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  Wise Guise
  BQR ~ fall 1998

rand Canyon River Guides at times suffers from an organizational identity crisis. Who are we? For what principles do we stand? Comments in the last newsletter display a vast array of opinions. For those of us who devoted a lot of time to the organization, our pat answer has always been: to provide guides a common voice regarding issues and decisions that affect the Colorado River. But how can we have a common voice with visions so diverse?

   Our primary goals as an organization are printed on every newsletter for all to see:

Protecting the Grand Canyon
Setting the highest standards for the river profession
Celebrating the unique spirit of the river community
Providing the best possible river experience

   Protecting Grand Canyon always took the top line, and is relatively unambiguous. The other goals are a little muddier, as "highest standards" and "the best possible river experience" are vastly open to interpretation.

   Still, I have always believed GCRG to be, first and foremost, an environmental organization. Others did, too—perhaps even most of us. Yet some believe our primary focus should be taking care of the guides. Certainly this is a worthwhile cause, and one to which we have devoted time—organizationally as well as privately. However, in keeping with our stated goals, this is not our primary mission.

   It's easy to print letterhead with benevolent sounding mission statements, but the board of directors is supposed to live by them. Organizations sometimes conceal ulterior motives beneath lofty goals, which are quickly cast aside when the questions become difficult.

   The challenge, then, is to set economic and personal issues aside, and decide what's best for the Canyon—to put the health of the river ahead of our own self interests. GCRG has done so remarkably well over the last ten years. It hasn't been so difficult; we share a deep love for the Canyon. But what happens when the questions get harder? There's a fork in the trail ahead; which one will we take?

   The outfitters offer an example for us. Their new club, Grand Canyon River Outfitters' Association, (GCROA) was organized with strikingly similar goals:

Protection of Grand Canyon, with particular emphasis on
the Colorado River Corridor;
Providing a diverse range of the highest quality river
experiences to the outfitted public;
Supporting the people and places of the Grand Canyon
river community.

   Sound familiar? You bet. At first we thought, "Wow, they must think we're really cool!" Imitation is flattery, as they say. But almost immediately, stark differences between the organizations become apparent. Some wonderful people are involved with the outfitter's organization—passionate folks who care deeply about the Canyon, the guides, and the river experience they provide. And they have done some good things to protect the canyon. But as a group, the organization seems to have been overpowered by the lowest common denominator. Although the goals sound noble, GCROA has a very clear economic agenda and financial interests will take priority.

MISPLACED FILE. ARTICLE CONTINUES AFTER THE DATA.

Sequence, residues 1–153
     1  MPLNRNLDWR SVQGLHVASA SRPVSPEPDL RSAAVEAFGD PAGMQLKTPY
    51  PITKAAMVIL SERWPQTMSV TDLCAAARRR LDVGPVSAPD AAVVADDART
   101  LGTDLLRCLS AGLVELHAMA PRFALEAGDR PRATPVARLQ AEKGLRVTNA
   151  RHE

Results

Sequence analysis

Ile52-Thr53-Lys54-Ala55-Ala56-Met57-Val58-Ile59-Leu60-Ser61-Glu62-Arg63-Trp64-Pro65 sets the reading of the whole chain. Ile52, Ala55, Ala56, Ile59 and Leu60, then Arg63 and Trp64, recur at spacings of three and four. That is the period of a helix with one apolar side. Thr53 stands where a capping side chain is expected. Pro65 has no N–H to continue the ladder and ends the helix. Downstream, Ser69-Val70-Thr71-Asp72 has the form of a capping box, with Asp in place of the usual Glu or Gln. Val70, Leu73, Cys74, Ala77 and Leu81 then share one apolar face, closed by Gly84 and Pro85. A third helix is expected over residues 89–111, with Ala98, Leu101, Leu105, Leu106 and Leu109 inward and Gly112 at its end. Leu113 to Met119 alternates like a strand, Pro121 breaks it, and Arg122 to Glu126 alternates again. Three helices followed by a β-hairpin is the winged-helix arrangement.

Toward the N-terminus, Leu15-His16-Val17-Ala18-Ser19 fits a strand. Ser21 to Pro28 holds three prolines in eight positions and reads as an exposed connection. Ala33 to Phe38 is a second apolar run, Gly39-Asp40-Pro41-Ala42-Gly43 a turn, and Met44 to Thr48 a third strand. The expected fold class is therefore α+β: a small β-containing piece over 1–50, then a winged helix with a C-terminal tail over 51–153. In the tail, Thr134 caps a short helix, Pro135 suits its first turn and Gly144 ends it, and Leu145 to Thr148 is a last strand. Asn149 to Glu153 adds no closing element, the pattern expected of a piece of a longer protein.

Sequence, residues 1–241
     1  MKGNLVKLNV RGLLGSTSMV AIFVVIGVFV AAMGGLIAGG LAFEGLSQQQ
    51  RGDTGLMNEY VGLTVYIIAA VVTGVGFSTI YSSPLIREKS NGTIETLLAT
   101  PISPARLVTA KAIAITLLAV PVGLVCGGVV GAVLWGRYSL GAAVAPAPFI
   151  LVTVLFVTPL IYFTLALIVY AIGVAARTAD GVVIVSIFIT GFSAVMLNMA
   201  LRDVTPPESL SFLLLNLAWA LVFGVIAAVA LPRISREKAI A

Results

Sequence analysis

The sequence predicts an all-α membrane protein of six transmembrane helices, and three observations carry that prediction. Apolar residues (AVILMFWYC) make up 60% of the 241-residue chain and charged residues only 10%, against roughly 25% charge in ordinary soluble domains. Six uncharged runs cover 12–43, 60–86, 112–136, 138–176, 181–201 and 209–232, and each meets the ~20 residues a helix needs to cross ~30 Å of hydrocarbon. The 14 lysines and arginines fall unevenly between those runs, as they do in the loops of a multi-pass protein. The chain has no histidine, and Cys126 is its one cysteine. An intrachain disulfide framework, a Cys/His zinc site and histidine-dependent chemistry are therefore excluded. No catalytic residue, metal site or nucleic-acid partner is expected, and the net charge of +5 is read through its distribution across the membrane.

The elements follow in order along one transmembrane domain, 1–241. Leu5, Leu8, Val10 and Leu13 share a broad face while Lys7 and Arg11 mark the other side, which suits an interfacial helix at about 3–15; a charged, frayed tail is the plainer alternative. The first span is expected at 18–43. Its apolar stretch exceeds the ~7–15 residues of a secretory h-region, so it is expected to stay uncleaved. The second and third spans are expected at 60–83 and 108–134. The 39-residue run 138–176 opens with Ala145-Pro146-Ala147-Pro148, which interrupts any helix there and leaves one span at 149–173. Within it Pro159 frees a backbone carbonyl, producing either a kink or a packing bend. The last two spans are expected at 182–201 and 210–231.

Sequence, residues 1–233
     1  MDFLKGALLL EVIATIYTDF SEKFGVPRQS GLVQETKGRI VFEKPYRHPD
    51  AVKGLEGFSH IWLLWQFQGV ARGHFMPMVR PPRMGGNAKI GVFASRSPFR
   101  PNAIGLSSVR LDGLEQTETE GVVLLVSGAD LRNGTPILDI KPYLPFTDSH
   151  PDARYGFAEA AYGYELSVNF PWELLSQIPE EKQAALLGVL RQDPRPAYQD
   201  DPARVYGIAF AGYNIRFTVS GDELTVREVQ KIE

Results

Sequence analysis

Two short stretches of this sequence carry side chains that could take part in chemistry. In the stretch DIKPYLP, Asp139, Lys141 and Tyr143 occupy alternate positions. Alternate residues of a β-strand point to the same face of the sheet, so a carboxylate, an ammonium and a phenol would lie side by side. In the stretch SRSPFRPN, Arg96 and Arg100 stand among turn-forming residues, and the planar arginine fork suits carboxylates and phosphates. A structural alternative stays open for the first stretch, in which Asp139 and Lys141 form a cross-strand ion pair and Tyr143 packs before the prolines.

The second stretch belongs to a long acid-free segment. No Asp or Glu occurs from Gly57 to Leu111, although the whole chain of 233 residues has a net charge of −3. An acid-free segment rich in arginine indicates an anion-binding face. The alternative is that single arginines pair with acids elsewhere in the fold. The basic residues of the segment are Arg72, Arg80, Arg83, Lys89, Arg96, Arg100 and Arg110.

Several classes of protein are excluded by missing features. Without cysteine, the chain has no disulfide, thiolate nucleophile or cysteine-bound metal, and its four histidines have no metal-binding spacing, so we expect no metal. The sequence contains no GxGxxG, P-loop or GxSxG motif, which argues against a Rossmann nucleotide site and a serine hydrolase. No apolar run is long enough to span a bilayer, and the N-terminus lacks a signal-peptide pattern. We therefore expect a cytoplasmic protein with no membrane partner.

Air tour operators also have a club, whose primary mission is—you guessed it—protecting Grand Canyon. To do that, they must be allowed to make hundreds of thousands of flights over the Canyon each year, marketing vigorously and reaping vast profits. Hell, if they could make 400,000 flights a year, they could protect Grand Canyon even more. Pressing for the continued unbridled growth of their industry, air tour operators bring in busloads of pilots to public hearings who whine about jobs, their hungry children, and all those poor disabled people who have no other way of seeing Grand Canyon. Yes, this nonsense has been effective. The air tour industry has enormous political clout, as well as a supportive managing agency (the FAA) who won't yank their britches down when they start exuding such tripe.

   We don't want to go there, nor do I believe we could get away with it if we tried. Anyway, the tired old "jobs vs. environment" tirade is dubious at best. Usually there need not be a choice. Too often big corporations use this as a scare tactic to manipulate workers into standing in the way of environmental protections. Those workers are simply a means to an end for upper management. One should be highly suspicious when companies threaten loss of jobs as the only possible result of environmentally sound actions.

   It seems to me that Grand Canyon River Guides has always believed in our stated goals. We see ourselves as the first line of defense for the Canyon and for the experience, because we're down there so much and because we care so deeply. At the fork in the trail, let's not take the path of the Wise Use movement; let us remember why this organization was founded, to protect Grand Canyon.

Jeri Ledbetter

big horn sheep